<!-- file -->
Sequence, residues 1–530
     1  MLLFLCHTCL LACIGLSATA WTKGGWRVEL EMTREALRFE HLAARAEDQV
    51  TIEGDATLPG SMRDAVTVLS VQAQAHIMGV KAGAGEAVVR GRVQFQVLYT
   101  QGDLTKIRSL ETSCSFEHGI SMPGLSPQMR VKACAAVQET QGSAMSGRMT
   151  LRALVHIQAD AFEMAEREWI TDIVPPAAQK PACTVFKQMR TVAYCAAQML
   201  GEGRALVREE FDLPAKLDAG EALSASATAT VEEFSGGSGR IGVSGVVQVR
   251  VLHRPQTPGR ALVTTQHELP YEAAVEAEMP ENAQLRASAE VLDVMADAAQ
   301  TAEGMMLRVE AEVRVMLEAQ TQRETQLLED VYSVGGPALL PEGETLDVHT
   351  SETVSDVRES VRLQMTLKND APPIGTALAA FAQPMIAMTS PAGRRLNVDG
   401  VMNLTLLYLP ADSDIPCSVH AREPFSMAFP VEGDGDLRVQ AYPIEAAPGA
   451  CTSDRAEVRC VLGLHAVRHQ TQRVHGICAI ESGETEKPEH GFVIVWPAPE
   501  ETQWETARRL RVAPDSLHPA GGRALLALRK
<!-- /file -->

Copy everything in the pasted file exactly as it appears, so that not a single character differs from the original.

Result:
Sequence, residues 1–530
     1  MLLFLCHTCL LACIGLSATA WTKGGWRVEL EMTREALRFE HLAARAEDQV
    51  TIEGDATLPG SMRDAVTVLS VQAQAHIMGV KAGAGEAVVR GRVQFQVLYT
   101  QGDLTKIRSL ETSCSFEHGI SMPGLSPQMR VKACAAVQET QGSAMSGRMT
   151  LRALVHIQAD AFEMAEREWI TDIVPPAAQK PACTVFKQMR TVAYCAAQML
   201  GEGRALVREE FDLPAKLDAG EALSASATAT VEEFSGGSGR IGVSGVVQVR
   251  VLHRPQTPGR ALVTTQHELP YEAAVEAEMP ENAQLRASAE VLDVMADAAQ
   301  TAEGMMLRVE AEVRVMLEAQ TQRETQLLED VYSVGGPALL PEGETLDVHT
   351  SETVSDVRES VRLQMTLKND APPIGTALAA FAQPMIAMTS PAGRRLNVDG
   401  VMNLTLLYLP ADSDIPCSVH AREPFSMAFP VEGDGDLRVQ AYPIEAAPGA
   451  CTSDRAEVRC VLGLHAVRHQ TQRVHGICAI ESGETEKPEH GFVIVWPAPE
   501  ETQWETARRL RVAPDSLHPA GGRALLALRK